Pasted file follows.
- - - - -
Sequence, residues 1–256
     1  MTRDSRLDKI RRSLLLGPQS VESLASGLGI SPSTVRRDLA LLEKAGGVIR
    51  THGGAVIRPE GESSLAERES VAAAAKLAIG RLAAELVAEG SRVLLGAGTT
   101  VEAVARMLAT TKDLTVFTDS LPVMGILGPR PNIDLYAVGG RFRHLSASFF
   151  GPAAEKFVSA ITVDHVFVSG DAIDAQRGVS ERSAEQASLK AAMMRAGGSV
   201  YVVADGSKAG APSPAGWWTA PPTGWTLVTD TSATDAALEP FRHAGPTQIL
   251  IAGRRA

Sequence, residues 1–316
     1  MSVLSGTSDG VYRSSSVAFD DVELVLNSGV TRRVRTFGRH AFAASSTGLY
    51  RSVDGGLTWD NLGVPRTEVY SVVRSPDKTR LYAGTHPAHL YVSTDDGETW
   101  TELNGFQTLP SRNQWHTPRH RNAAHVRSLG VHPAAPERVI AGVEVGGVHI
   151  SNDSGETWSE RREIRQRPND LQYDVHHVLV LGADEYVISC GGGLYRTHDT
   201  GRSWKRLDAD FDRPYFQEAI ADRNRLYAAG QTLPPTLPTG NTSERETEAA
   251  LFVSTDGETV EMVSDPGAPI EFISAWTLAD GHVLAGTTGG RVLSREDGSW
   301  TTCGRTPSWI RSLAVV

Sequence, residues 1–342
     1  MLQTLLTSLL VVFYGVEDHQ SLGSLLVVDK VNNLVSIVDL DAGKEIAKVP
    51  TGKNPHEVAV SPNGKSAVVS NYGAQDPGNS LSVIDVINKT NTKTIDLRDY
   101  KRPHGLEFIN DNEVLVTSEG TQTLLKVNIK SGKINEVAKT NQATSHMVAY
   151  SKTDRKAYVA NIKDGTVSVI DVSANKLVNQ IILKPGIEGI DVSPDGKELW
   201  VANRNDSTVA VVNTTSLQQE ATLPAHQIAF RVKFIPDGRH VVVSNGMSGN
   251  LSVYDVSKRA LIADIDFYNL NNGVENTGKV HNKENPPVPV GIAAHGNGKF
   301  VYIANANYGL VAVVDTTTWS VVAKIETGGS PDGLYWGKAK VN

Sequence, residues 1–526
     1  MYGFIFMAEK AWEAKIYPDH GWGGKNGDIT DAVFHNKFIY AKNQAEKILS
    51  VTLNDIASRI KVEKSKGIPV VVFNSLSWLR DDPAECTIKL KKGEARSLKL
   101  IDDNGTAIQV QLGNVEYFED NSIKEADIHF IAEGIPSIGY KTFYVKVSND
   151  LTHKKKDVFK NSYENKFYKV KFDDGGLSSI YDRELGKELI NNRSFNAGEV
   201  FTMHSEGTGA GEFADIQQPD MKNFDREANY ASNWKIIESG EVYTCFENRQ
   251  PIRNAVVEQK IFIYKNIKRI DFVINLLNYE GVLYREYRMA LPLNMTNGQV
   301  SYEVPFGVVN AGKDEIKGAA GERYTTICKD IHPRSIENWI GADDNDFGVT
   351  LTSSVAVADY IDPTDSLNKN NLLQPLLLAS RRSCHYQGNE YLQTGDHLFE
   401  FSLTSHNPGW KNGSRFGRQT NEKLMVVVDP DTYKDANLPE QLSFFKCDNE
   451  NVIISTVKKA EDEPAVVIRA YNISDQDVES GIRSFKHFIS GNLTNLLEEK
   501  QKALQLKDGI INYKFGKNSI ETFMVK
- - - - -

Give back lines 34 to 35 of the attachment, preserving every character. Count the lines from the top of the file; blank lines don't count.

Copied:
   451  NVIISTVKKA EDEPAVVIRA YNISDQDVES GIRSFKHFIS GNLTNLLEEK
   501  QKALQLKDGI INYKFGKNSI ETFMVK